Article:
An Open Letter to My Precious New Nephew

Dearest New Little Baby Patrick,

I wanted to thank you for inviting me to your baptism celebration this past weekend. I've been meaning to sit down and write you since Sunday night, but as you will soon learn, life is filled with so much fun and action that sometimes it's tough to find the time to write a good letter.

First off, let me say that you were by far the sweetest, cutest, and holiest of the ten babies at Saturday's baptism. I know that I may be a bit biased, but the sight of you in our family's beloved heirloom baptismal gown brought a smile to my heart and tears to my eyes. You get more adorable every time I see you - your smile has enough energy to light up the world!

I know that you won't realize this for a long time, but your wonderful parents gave you a very special gift this weekend - the gift of faith. By welcoming you into the family of God through your baptism, your mommy and daddy have blessed you greatly. They want the best for you throughout your life. By giving you the gift of faith in and love for God, they have ensured that you will truly never be alone. Along with your own family and our extended Christian family, you will always be able to count on God and your friendship with Him. You can turn to Him when you are lonely or afraid - and He will be the first to smile and laugh with you when it is time to celebrate, because He knew and loved you even before your Mommy and Daddy did!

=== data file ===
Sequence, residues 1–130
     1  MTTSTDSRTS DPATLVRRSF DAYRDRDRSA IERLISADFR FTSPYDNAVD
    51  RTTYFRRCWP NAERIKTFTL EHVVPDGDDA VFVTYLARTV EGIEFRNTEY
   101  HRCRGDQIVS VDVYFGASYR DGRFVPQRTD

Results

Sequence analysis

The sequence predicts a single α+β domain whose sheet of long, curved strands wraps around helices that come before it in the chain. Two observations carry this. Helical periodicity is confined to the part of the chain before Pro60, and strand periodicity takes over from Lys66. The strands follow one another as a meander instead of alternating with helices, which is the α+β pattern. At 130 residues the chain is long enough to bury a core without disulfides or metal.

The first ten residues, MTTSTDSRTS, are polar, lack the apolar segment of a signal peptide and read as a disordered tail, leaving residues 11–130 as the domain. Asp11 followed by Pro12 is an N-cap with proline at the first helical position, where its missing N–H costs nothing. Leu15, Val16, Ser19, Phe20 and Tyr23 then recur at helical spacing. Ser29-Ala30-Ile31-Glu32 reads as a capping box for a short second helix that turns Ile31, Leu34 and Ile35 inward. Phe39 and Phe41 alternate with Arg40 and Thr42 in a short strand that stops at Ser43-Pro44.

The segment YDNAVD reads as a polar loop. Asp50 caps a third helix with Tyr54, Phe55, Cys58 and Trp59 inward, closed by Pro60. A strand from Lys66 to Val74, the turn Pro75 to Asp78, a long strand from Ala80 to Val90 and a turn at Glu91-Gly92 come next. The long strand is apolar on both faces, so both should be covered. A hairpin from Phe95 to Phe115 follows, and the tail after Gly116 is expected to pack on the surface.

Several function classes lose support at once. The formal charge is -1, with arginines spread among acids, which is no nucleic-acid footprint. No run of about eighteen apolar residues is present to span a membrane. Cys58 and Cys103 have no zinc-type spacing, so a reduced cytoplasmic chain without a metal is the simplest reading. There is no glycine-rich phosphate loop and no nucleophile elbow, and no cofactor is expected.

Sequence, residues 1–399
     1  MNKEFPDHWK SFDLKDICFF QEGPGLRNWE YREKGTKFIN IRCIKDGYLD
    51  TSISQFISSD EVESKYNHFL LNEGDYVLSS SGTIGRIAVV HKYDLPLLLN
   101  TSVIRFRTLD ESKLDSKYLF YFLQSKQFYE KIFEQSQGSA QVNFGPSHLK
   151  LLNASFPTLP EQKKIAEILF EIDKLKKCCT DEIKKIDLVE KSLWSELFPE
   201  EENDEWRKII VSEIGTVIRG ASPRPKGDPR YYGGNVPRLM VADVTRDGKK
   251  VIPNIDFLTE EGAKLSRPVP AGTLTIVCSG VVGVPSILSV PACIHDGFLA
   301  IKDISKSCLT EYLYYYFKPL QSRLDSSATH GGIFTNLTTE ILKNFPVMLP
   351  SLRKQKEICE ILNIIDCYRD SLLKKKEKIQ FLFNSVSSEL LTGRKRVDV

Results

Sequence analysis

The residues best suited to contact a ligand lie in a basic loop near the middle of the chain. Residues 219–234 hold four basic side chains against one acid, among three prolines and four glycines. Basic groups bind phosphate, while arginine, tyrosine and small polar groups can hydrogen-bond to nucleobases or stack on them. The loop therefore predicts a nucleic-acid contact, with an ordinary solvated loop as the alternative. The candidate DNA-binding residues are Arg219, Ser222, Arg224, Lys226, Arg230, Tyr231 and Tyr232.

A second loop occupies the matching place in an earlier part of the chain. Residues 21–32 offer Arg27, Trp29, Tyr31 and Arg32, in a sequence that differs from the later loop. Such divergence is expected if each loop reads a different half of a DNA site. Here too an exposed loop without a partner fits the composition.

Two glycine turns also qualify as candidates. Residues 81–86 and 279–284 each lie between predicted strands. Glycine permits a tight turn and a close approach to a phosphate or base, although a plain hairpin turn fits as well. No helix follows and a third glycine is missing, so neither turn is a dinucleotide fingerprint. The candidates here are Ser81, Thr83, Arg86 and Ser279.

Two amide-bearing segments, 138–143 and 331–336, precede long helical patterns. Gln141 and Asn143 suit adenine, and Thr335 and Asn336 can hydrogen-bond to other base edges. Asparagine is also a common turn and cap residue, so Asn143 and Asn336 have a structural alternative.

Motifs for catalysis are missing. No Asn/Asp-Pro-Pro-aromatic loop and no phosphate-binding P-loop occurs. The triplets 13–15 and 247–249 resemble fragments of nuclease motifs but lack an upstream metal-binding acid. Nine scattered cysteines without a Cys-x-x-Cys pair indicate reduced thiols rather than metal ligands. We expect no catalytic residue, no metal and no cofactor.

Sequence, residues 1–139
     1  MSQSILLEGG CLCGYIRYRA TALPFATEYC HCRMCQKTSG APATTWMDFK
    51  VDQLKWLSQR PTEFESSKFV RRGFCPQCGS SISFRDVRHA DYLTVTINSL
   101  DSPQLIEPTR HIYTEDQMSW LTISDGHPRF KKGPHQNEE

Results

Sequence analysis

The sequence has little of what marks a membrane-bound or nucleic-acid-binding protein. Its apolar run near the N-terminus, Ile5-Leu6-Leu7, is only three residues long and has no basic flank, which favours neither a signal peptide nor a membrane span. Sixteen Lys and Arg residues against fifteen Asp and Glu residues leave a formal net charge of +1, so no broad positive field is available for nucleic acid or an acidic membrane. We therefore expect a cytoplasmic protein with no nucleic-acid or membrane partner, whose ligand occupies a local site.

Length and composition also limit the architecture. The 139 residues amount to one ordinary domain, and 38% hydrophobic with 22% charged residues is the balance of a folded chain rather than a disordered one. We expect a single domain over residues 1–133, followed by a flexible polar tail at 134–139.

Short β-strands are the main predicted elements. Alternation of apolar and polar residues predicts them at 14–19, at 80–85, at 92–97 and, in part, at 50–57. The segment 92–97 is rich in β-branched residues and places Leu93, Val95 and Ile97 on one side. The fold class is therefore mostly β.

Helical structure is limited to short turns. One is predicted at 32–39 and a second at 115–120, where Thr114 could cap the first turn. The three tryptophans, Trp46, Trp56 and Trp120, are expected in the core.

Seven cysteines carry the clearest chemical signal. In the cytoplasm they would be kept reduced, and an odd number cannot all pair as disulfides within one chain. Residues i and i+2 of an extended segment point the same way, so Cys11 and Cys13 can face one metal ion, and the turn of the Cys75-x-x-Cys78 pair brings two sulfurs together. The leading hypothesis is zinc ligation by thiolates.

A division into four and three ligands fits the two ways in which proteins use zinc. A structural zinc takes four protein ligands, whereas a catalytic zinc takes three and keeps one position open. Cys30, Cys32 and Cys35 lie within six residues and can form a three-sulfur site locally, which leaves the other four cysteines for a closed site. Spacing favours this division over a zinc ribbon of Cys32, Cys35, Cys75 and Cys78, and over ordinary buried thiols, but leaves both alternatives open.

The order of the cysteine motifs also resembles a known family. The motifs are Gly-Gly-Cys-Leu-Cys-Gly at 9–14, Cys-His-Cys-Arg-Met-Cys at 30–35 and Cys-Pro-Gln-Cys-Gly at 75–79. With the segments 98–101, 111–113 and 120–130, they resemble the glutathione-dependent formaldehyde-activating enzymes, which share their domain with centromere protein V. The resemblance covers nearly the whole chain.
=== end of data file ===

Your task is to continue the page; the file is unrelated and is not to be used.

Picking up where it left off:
A long time ago, your Gramps and Nana gave me the gift of faith through my own Baptism, and I have to tell you that of all of the wonderful things they've ever done for me, this was indeed the greatest! Now, as your Godparents, Nana and Gramps share the joy your Mommy and Daddy will have in teaching you to know and love God in your own life. I don't think you could have chosen better parents or Godparents for this job! Your Nana and Gramps will always be there to love and support you, and your parent are two of the finest, most family-oreinted and compassionate people I know. You are, indeed, a lucky little baby!

The symbols of your baptism - the water, the light of your little candle, your precious white gown, and the fragrant chrism oil - all have special meaning. Someday, when you are older, I'll teach you about those things too! But for now, I want to say again, congratulations and thanks so much for sharing your special day with me. I love you so much sweetie, and Jesus does too!

Auntie Lisa

Wednesday, November 16, 2005

Mean Moms....